GNWT launches electronic health record system

The Government of the Northwest Territories (GNWT) launched a new health record system in Hay River Friday that is designed to improve the way health information is shared electronically in the NWT.

Known as the NWT HealthNet Viewer, the system is a web-based portal that will allow authorized health care professionals in the NWT “view-only” access to medical information including lab results, diagnostic imaging reports, clinical reports, patient lists and event history from health care centres across the NWT. The viewer is the first part of the interoperable Electronic Health Record (iEHR). The new system will allow health professionals to make more timely decisions as well provide better patient care.
Sandy Lee, Minister of Health and Social Services, called the viewer “an innovative tool” that will improve patient safety and allow treatment and care plans to be developed sooner.
“Today marks an important technological milestone in the delivery of health care in the Northwest Territories,” Lee said. “(The viewer) will allow doctors, nurses, and other health care professionals the ability to view electronically key information contained in a patient’s record.”
Once information is fed into the iEHR repository from one of the NWT’s four acute care facilities, it will be available to health care providers across the territory. Authorized users will require a security token, user ID, and password to access the system, and will only be able to view information relevant to their role.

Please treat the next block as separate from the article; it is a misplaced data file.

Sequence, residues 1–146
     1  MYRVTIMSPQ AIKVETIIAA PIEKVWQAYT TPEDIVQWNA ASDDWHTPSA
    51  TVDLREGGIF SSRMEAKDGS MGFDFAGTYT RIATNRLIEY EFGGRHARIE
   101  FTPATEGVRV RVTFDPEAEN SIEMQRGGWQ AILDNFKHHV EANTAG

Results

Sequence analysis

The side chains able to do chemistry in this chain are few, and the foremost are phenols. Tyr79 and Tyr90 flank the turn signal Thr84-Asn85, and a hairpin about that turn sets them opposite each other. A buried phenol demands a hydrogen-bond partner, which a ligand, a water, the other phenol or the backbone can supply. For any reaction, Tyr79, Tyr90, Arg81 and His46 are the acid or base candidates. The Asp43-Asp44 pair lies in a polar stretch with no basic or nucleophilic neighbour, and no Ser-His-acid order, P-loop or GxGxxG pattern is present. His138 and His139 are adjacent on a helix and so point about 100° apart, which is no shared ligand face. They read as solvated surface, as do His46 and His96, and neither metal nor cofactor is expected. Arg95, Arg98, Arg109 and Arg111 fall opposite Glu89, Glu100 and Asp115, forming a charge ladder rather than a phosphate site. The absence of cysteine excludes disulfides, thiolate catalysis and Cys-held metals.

Currently there are multiple information systems in each community, with limited remote access or sharing of information between the systems. With the new system, lab results will be available in the
Viewer once the results are known – compared with wait times of up to a number of weeks with current, paper-based results – while the possibility of duplicate exams will be eliminated. Initially the system will include text reports from Stanton, as well as laboratory results from Stanton, Hay River and Inuvik from June 30, 2009 onwards.
With the changes, the electronic information systems in the NWT will now be able to “speak to each other,” a HSS official explained, by reducing the number of systems involved, replacing old systems and by providing a more complete health care picture by implementing solutions that will capture and share information electronically.
“This is transforming the way we are providing care,” Michele Hancsicsak, HSS chief information officer, said at Friday’s press conference.
Health care providers asked for the system, and were actively involved in the process.
“These investments are all part of our strategy (A Foundation for Change),” Hancsicsak explained. The strategy has three goals: wellness (helping communities and individuals make healthy choices), accessibility (getting people the care that they need, when they need it), and sustainability (using resources efficiently to ensure the health care system is sustained for the future).
Currently 147 health care professionals have access to the new system, including those in Hay River, Aklavik, Fort Smith, Yellowknife and Fort Simpson, and others referred by the NWT to DynaLife Laboratory in Alberta. It will be rolled out to all NWT clinical users over the spring.
The health viewer was made possible through a partnership between Canada Health Infoway and the GNWT. Canada Health Infoway, a not-for-profi t organization that is tasked by the federal government to accelerate the development of electronic health records across Canada, invested $5.7 million in the project. The NWT HealthNet Viewer was developed using the technology found in Alberta’s Netcare Portal. It will continue to grow over time as more patient information becomes available electronically.